I joke about living under a rock.
And so it seems legit when the story-writers of my life proved me
When my friend and I arrived in Manipur’s capital, Imphal, in January
this year, I knew very little about a town called Moreh. What it means is that
another friend had recommended Moreh as a town at the border of
India and Myanmar - and armed with just that much information and nothing more (I kid you
not), I decided we could add Moreh to our plan while we were in Imphal.
The 110 kilometer journey from Imphal to Moreh is a micro-story for another post
. So when we got off our shared taxi and agreed to return to Imphal with
the same driver, we were left confused when he said: “Don’t take too long. It’s
a long drive back and we have to make it back before 5 PM at the very latest.”
What could possibly be there to do here anyway?
That would be figured out later. First, breakfast. Because, priorities - courtesy the 4:30 AM wake up call to make it to and back from Moreh in a day!
|So what if we can't live in a border-less world, as long as we can walk through them and be reminded that we're all still the same of the inside I think we're good. The people were warm and accommodating, even when neither of us spoke each other's language. And just like at Ima Keithel, people were just happy to have their photographs taken. |
Seeking consent works wonderfully!
And yet, I dig border towns.
They seem to grow on me in hindsight.
We saw the entrance to the gate that read: Indo-Myanmar Friendship Gate.
And in a tubelight moment of sorts it dawned on me for the first time
ever that we could cross over to the ‘other side’.
Living under a rock, remember!
But what would we need to go to the other side?
Whom could we ask?
We decided to walk to the gate and ask the jawaans directly.
Turns out, we could go to the other side with a valid ID proof.
Obviously, d’oh! This is the route of the famed ‘road-trip to Thailand’
that spammed my social media timelines not too long ago. And yet, here I was that
clueless resident from under the rock.
There was no paper-work required. After all, we weren’t trailing too
far into the country – just its marketplace.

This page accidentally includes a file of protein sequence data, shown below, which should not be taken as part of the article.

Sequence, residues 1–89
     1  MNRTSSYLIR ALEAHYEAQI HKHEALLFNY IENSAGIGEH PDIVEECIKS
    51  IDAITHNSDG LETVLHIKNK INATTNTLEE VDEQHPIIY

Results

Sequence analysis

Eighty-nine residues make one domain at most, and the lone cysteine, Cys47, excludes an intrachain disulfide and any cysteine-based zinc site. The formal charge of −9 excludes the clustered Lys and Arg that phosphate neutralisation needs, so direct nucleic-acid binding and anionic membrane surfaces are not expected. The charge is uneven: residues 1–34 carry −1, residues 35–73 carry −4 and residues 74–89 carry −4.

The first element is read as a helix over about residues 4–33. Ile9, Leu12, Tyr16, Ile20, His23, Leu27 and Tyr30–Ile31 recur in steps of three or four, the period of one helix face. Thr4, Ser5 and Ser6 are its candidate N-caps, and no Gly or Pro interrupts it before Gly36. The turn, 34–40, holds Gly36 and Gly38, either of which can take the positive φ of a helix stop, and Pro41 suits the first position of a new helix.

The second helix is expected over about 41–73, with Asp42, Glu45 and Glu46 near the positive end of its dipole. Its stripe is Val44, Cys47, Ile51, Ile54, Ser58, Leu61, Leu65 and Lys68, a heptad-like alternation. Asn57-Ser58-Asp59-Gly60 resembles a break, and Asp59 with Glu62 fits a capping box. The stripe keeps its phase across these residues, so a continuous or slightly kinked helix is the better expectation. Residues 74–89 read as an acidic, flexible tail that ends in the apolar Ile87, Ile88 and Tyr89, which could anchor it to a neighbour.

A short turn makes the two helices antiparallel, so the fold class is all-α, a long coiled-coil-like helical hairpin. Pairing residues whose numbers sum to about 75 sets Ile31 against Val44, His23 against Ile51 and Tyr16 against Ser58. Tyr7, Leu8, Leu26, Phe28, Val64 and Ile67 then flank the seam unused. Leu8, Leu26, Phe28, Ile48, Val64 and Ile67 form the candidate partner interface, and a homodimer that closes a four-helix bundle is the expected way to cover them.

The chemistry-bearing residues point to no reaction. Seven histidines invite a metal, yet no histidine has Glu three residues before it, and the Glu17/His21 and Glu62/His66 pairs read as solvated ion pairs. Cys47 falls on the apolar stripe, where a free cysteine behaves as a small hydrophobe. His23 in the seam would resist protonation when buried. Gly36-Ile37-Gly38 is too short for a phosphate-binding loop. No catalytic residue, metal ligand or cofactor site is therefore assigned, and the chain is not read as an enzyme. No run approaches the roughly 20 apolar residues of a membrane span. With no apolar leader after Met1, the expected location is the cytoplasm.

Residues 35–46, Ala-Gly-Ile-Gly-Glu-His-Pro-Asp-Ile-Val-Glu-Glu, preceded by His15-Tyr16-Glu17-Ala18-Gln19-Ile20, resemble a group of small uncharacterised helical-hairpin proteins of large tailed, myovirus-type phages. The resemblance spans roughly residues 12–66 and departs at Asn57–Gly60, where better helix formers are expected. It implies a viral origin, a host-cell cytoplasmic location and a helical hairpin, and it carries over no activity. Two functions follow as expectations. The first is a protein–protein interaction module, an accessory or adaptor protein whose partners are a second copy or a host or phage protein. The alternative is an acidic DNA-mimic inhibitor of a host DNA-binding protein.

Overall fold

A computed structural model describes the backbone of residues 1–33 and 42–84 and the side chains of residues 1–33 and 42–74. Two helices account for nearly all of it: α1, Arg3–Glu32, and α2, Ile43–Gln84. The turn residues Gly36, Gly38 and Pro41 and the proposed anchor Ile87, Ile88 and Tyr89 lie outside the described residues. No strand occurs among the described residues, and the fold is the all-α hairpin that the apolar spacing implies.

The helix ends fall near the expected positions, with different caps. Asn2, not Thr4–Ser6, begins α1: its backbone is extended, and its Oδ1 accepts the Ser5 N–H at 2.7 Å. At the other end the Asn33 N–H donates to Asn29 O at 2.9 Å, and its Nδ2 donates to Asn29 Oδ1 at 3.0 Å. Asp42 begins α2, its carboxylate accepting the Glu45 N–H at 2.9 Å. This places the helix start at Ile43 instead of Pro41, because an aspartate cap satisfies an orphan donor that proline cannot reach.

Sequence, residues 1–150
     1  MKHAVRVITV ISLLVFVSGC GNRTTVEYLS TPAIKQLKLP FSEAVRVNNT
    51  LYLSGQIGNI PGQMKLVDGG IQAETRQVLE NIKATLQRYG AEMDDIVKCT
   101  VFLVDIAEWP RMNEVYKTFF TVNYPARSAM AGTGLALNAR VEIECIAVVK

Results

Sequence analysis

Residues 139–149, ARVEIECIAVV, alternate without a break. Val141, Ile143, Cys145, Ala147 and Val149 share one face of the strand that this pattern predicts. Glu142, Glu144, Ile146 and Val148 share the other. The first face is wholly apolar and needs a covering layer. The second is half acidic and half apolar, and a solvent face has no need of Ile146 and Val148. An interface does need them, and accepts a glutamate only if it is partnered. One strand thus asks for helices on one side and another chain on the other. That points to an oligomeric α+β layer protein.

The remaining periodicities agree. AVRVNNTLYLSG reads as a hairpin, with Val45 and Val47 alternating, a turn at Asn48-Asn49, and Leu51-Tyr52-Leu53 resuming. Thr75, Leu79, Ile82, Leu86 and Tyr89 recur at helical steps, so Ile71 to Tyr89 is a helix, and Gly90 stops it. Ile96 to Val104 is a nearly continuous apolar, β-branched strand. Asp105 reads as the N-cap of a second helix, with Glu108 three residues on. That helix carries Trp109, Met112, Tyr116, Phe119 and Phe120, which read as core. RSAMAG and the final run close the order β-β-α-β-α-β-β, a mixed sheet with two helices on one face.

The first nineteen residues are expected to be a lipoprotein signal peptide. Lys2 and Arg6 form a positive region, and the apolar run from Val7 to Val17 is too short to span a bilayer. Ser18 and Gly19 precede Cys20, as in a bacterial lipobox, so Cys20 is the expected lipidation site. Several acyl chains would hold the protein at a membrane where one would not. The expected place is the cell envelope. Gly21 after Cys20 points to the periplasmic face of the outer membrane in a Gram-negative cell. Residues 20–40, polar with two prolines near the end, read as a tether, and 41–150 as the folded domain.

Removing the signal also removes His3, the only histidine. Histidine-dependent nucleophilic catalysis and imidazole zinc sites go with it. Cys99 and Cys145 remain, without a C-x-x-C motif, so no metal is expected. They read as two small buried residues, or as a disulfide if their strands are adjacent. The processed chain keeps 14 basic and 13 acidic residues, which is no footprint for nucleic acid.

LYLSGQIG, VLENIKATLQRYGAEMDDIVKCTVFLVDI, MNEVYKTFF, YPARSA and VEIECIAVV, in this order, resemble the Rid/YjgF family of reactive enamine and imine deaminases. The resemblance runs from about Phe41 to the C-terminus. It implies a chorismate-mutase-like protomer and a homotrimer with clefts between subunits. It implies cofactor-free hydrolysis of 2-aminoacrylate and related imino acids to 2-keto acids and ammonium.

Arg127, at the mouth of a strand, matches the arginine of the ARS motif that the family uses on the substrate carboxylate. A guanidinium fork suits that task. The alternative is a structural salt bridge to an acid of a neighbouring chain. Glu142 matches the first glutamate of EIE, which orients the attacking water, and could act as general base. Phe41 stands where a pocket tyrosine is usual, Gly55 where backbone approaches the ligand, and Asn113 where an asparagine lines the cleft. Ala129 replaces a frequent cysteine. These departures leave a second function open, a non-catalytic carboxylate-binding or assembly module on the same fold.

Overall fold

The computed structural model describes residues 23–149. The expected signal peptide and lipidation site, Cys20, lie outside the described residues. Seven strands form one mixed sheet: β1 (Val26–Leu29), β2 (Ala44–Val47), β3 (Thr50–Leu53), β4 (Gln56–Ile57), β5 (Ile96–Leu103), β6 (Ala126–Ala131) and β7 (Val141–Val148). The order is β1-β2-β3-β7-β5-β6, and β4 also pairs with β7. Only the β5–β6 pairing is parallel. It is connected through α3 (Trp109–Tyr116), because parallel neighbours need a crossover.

After the seemingly customary “Where are you’ll from? So good to have
people from Mumbai come all the way here…”
conversation with army officials of
both countries, we were in Myanmar.
Or to be more precise, we were in Tamu.
Tamu – or to be more specific, the Tamu we saw was just within the
radius of the wholesale market that’s located there. We didn’t know how far
into the country we could venture. And when we asked, we got told: “Don’t go too
Eh! Thanks but no thanks.
We didn’t know what the protocol on taking photographs were. One
official said no and another just nodded – which could have meant anything.
Also, did the 'no' mean, we couldn’t take a photograph at the border area due to
security concerns or were we not allowed to take photographs in general?
When you don’t speak the language, you are bound to be stuck in this
version of no-man’s-land.
I really wanted to capture the essence of the market.
And having step foot into Tamu, we were already experiencing glimpses
of the country that is Myanmar.
Sandalwood paste smeared on faces
Sparse presence of the Hindi language
Blink-and-miss presence of the Tamil language
Lots of the Burmese language, obviously
And acceptance of the Indian currency. Yay!
I knew I couldn't rely on my memory to store these in some air-tight corner of my head for future retelling. So I set my camera aside and used my mobile phone to capture a frame or two - and then some more!
P.S.: All photographs have been taken with due permission of the
people in them.
|Taking in the first sights on the other side of the border. Literally.|
|Just like it is on 'our' side of the border. Boiled groundnuts. Ber/Jujube.|
|Flowers adding that their own verve to the marketplace|
|Never got around to knowing the name of this street snack! Do watch the video towards the end of this post though|
|That's a close-up. Does this help with helping me figuring what this is called?|
|Known as Longchak in Manipuri, this is a rather commonly prepared vegetable in this region. We weren't surprised to see it on the other side of the border.|
|What's a post without doggo? ;)|
|Okay. One more doggo. Though this one made me feel more awkward about taking a photograph than any human did. |
|Between hand gestures, we requested if she would allow us to take her photograph. And she obliged.|
|I have a weakness. And it's a good weakness to have, I reckon.|
|Sweets off the streets!|
Curious to know more about this border town? I stumbled upon this Hindustan Times article from September 2015. You may find it informational.
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